If you're newly single, it can be tempting to hit the dating websites or the bars and pack your schedule with new hottie after new hottie. Although unlimited options are nice, rapid-fire dating can be draining. "Make sure that dating does not become your full time job, no matter how eager you are to meet someone," says Jodi Lipper, co-author of How to Live Like a Hot Chick. "Decide on a number of dates per week or month that feels right, and don't feel bad saying no if you're too busy! If a guy is really into you, he'll be more than willing to wait a little to see you. Space out your dates so that you look forward to each one as a special treat instead of dreading them."
A friend of mine recently told me that she always takes Friday nights for herself, no matter what, so she can recharge from the week and feel rarin' to go by Saturday. Or, twist your calendar to make it work for you: "Take a look at your schedule, whether it's on your computer or your phone, and look at how much space there is. Make sure your calendar is only 75 percent full — and there's 25 percent empty space to be by yourself," says Christine Hassler, life coach and author of 20 Something, 20 Everything.
During weeks when your schedule is packed, take a deep breath, focus, and use the rush of air as a "flashlight," Hassler says. "See what your body is trying to tell you," she says. "Maybe there are parts of you that feel tired or feel depleted — not just physically, but emotionally. Use your body as a feedback mechanism. If you stop and do that, you might hear that you need to slow down." Hey, if it works for U.S. soldiers, it can work for you: A recent University of Pennsylvania study found that highly stressed, soon-to-be-deployed Marines who practiced mindfulness by focusing on their breathing (among other things) saw improvement in their mood and memory.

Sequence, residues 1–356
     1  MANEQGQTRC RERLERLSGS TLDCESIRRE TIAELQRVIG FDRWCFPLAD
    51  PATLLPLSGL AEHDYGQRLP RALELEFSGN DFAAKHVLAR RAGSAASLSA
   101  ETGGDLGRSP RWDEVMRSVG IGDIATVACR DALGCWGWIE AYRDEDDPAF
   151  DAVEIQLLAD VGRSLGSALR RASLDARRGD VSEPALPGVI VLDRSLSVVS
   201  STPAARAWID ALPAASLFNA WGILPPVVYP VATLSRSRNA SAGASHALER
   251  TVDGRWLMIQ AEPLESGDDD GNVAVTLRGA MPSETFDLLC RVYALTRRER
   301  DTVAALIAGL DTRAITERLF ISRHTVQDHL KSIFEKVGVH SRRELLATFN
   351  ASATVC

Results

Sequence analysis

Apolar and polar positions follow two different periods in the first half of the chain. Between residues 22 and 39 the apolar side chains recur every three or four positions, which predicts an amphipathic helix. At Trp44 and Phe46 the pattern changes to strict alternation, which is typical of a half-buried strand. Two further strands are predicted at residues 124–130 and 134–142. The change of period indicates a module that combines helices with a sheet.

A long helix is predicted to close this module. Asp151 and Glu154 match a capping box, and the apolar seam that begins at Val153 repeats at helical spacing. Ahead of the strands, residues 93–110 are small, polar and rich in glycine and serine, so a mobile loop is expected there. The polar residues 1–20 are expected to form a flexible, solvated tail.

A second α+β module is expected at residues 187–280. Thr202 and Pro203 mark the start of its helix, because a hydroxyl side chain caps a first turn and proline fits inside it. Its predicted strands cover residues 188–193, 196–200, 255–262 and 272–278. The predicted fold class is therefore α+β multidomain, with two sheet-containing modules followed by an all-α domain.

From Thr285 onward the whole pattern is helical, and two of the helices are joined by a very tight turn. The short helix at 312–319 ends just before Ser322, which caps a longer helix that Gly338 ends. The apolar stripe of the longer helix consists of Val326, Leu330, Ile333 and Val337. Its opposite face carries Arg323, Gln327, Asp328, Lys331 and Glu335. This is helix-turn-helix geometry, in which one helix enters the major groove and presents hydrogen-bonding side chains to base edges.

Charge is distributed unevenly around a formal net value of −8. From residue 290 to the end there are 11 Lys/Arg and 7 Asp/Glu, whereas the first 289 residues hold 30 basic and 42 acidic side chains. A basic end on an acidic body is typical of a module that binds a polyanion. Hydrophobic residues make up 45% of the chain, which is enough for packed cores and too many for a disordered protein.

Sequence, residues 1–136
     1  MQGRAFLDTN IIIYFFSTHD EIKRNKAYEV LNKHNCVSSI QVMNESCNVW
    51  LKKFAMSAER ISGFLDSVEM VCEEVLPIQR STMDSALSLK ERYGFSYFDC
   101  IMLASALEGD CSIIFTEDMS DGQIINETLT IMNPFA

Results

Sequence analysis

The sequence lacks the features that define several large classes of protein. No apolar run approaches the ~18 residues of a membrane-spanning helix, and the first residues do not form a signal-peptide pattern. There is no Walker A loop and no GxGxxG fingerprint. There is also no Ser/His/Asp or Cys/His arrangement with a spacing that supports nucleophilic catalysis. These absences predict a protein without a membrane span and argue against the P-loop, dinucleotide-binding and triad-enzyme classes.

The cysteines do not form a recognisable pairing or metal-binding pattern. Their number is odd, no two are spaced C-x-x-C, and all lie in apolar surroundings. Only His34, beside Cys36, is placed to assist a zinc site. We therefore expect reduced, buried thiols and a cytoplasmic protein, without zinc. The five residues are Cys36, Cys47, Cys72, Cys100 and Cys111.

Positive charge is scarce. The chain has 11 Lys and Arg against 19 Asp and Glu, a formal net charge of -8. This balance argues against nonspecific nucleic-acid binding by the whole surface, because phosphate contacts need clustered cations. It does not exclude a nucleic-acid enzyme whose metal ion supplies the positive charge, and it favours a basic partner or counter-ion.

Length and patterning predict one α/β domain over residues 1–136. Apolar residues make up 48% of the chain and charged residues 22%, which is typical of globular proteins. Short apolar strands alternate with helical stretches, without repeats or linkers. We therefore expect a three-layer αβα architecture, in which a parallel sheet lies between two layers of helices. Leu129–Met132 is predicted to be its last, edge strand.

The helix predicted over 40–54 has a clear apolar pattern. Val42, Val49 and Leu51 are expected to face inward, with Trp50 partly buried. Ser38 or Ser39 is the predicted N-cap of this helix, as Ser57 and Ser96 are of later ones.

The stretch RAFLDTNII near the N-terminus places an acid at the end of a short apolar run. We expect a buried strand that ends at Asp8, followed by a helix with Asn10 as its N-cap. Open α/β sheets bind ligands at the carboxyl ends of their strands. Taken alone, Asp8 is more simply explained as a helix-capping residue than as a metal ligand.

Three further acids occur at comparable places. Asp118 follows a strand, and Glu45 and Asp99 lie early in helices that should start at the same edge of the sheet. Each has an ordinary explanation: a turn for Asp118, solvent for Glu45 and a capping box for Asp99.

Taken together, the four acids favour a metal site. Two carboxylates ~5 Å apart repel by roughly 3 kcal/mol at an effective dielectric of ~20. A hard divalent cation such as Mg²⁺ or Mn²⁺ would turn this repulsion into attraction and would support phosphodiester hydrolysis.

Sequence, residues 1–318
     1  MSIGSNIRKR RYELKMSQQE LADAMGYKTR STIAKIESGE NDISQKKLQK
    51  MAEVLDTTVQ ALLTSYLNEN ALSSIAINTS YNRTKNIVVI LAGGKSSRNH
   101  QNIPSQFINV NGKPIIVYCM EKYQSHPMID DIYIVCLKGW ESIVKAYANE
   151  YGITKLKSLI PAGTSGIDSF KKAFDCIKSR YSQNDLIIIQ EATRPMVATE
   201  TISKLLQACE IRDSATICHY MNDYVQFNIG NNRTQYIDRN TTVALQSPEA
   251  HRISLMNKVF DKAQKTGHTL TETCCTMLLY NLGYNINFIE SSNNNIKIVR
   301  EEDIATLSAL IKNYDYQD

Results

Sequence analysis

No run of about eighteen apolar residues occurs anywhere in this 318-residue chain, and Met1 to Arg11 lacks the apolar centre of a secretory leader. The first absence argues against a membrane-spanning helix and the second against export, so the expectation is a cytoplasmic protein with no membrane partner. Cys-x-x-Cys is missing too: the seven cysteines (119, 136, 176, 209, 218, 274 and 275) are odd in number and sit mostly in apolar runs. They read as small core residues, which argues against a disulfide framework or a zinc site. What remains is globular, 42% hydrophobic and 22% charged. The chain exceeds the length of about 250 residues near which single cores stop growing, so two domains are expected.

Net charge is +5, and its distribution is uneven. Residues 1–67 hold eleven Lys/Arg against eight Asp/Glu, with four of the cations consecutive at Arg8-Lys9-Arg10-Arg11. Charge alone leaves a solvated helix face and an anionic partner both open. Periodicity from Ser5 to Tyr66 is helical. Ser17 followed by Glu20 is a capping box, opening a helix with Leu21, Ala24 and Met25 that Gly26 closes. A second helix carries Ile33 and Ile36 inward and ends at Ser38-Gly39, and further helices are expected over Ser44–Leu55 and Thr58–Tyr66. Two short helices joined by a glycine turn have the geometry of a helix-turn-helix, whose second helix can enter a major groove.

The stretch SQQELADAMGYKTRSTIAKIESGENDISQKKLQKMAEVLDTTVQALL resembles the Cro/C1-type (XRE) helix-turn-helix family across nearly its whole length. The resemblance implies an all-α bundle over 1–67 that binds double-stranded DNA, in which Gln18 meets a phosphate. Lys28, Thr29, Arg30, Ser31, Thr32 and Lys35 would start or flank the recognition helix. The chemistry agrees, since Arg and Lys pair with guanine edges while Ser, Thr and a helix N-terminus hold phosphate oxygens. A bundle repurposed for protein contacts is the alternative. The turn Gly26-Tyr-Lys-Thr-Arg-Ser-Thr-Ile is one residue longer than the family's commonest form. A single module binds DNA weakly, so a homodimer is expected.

If you're feeling overwhelmed, don't be afraid to turn down offers from needy friends succinctly and politely. "Women tend to think that no is not a complete sentence," Hassler says. "We'll either justify or explain or both. It's okay to say, 'No, thank you' or 'No.'"
If you still feel you need to soften the blow, try killing your BFF with kindness. "Lead with a positive compliment," says Beverly Engel, author of The Nice Girl Syndrome. "Something like, 'I value our friendship so much. But I'm finding that I've been neglecting myself and I really need to devote more time to taking care of me.' Then finish with, 'I know you understand what this is like.''"
Rather than drowning in the dating pool, try viewing being single as its own thrill ride rather than a launching pad to your next relationship. If you're always looking for the next guy, "That isn't true singlehood," Hassler says, "and you end up carrying what you didn't heal from that relationship to the next one." Instead, take this opportunity to find out what makes you tick, just like you'd get to know a new guy or a new girlfriend. "Make sure that you're dating yourself," Hassler says. "Take yourself to the movies. Take yourself to dinner. Don't 'save' things for when you're with someone." If picking a movie you want to see without someone else whining about it isn't incentive enough, a study out of Ohio State University published this year found that people who said they knew themselves well reported more positive dating experiences than those who didn't.
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